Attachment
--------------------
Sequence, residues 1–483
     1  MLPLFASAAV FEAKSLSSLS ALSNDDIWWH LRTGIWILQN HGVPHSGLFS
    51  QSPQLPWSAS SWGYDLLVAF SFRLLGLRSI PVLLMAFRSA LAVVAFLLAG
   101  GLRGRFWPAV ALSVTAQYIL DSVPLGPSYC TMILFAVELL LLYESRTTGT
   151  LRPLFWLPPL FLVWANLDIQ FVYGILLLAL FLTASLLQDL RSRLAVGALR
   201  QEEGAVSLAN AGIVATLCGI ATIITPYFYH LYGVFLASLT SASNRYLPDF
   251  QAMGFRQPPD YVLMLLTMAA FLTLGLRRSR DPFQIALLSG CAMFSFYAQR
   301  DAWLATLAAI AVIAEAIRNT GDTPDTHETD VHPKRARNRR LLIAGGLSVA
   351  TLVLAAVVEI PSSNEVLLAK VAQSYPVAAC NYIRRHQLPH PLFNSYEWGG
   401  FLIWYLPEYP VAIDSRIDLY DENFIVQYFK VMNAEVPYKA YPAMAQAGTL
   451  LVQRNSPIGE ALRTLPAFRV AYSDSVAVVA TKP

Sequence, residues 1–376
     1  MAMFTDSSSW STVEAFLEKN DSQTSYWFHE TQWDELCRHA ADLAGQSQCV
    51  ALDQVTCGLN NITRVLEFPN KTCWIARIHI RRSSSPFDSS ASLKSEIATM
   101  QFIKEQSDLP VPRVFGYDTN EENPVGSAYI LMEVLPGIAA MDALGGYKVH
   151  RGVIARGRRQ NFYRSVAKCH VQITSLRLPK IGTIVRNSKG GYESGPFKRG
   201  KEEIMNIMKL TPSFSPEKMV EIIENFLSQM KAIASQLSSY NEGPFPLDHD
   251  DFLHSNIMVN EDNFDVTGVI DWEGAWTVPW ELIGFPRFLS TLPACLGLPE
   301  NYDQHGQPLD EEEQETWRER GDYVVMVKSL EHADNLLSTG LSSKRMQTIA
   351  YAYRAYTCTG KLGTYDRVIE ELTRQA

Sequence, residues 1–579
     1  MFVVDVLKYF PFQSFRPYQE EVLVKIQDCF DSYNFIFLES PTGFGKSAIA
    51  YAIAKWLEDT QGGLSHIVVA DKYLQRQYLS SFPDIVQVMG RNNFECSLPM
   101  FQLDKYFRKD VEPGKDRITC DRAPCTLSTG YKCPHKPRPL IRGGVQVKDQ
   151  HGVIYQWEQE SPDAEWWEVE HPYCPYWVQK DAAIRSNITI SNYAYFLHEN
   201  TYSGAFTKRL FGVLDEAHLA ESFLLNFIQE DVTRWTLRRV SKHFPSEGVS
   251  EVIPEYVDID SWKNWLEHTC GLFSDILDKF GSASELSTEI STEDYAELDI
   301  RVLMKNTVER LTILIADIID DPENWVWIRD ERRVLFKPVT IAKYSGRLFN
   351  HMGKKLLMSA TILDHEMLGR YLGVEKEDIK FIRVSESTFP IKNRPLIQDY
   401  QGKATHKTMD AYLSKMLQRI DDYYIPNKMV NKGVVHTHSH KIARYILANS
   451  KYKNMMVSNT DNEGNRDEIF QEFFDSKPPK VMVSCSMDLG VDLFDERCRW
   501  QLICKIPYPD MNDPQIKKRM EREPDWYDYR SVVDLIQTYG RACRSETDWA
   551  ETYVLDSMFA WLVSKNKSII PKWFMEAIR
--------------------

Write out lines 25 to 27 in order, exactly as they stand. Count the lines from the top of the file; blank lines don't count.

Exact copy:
   151  HGVIYQWEQE SPDAEWWEVE HPYCPYWVQK DAAIRSNITI SNYAYFLHEN
   201  TYSGAFTKRL FGVLDEAHLA ESFLLNFIQE DVTRWTLRRV SKHFPSEGVS
   251  EVIPEYVDID SWKNWLEHTC GLFSDILDKF GSASELSTEI STEDYAELDI